For plan years through 2018, if you have insurance from a job (or a family member’s job), you're considered covered under the health care law and may not have to pay the penalty that uninsured people must pay.
Starting with the 2019 plan year (for which you’ll file taxes in April 2020), the fee no longer applies.
If you have job-based coverage, you might be able to change to a Marketplace plan. But you probably won’t qualify for a premium tax credit or other savings. As long as the job-based plan is considered affordable and meets minimum standards, you won’t qualify for savings. Most job-based plans meet these standards.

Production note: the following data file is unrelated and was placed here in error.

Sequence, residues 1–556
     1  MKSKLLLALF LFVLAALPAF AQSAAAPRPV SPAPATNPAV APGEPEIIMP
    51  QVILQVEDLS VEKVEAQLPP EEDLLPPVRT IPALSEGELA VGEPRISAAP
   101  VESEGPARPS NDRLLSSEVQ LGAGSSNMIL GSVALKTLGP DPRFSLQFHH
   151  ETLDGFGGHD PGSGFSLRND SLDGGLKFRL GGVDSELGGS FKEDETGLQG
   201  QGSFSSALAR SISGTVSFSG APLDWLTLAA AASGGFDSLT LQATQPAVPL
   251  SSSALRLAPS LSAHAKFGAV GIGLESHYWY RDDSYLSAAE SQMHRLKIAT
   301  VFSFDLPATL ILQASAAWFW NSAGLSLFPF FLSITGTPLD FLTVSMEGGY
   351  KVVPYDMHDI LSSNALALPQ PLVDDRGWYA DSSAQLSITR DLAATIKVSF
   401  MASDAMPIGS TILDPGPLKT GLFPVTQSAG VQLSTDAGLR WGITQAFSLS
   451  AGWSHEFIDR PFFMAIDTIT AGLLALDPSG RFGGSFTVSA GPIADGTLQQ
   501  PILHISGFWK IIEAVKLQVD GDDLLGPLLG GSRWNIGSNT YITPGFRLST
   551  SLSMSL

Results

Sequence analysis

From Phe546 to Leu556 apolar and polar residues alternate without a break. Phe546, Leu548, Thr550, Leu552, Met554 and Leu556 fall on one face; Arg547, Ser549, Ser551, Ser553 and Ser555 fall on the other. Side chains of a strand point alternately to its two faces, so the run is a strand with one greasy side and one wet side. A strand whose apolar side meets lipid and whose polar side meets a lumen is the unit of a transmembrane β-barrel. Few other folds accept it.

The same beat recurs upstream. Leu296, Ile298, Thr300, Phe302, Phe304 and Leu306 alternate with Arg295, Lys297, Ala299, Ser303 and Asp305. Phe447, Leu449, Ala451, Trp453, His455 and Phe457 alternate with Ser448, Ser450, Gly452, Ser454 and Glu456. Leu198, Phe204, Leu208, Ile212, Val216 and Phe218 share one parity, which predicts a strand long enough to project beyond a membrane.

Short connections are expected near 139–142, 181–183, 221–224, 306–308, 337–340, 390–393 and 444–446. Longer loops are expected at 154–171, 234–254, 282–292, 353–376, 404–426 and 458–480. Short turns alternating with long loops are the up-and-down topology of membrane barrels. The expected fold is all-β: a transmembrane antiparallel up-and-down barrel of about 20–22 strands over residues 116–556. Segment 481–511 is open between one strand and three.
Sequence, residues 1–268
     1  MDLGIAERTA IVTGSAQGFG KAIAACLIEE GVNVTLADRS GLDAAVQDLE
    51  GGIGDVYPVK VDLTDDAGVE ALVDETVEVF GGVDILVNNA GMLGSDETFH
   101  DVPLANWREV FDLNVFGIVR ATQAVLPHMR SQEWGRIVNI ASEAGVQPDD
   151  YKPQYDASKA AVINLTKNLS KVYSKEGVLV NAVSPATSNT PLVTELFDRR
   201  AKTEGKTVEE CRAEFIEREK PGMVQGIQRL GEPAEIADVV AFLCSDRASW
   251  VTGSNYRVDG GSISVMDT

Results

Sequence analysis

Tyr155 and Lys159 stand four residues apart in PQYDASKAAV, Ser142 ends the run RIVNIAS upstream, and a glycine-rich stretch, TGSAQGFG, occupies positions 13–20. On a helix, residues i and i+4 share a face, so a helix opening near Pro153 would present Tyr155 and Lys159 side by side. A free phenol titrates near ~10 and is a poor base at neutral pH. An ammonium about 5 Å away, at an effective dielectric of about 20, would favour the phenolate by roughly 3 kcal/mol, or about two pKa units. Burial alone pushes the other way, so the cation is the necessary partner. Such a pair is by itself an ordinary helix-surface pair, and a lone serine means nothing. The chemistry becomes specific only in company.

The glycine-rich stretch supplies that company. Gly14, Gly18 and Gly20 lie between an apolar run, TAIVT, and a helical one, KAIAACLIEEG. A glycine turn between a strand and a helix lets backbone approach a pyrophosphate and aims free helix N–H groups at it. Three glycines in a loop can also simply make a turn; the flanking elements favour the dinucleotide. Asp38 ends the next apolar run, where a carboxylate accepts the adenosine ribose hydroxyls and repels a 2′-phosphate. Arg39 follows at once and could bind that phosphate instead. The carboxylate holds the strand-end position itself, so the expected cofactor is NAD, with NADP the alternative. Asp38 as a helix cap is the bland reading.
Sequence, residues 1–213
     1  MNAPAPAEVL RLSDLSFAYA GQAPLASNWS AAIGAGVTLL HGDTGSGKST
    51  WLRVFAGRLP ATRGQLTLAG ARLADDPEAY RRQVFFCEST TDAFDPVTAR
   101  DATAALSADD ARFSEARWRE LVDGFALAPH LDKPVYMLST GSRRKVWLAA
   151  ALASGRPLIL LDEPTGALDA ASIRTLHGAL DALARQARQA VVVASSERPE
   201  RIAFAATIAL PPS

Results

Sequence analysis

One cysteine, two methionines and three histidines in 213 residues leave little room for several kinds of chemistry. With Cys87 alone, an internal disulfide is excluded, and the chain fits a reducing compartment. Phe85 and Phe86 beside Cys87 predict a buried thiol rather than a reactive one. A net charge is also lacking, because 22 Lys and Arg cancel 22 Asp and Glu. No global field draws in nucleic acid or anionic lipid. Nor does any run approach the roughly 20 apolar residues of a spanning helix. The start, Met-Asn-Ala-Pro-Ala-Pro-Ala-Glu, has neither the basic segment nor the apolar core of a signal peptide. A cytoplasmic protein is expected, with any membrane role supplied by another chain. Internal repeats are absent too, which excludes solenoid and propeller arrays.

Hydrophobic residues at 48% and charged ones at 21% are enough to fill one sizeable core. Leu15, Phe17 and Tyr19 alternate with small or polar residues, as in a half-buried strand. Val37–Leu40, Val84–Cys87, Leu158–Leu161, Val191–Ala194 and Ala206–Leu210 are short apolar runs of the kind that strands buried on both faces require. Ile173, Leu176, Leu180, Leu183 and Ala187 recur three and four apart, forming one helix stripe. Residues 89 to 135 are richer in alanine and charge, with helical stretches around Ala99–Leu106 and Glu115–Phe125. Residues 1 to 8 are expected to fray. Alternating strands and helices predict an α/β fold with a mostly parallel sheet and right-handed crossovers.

Learn about changing to a Marketplace plan.
If you have a Marketplace plan and then get an offer of health insurance through a job, you’re probably no longer eligible for any savings on your Marketplace plan. This is true even if you don’t accept the job-based coverage offer.
You may want to cancel your Marketplace plan for yourself and anyone else in your household eligible for the new job-based coverage.
The health care law provides important new rights, consumer protections, and benefits that apply to most job-based insurance plans.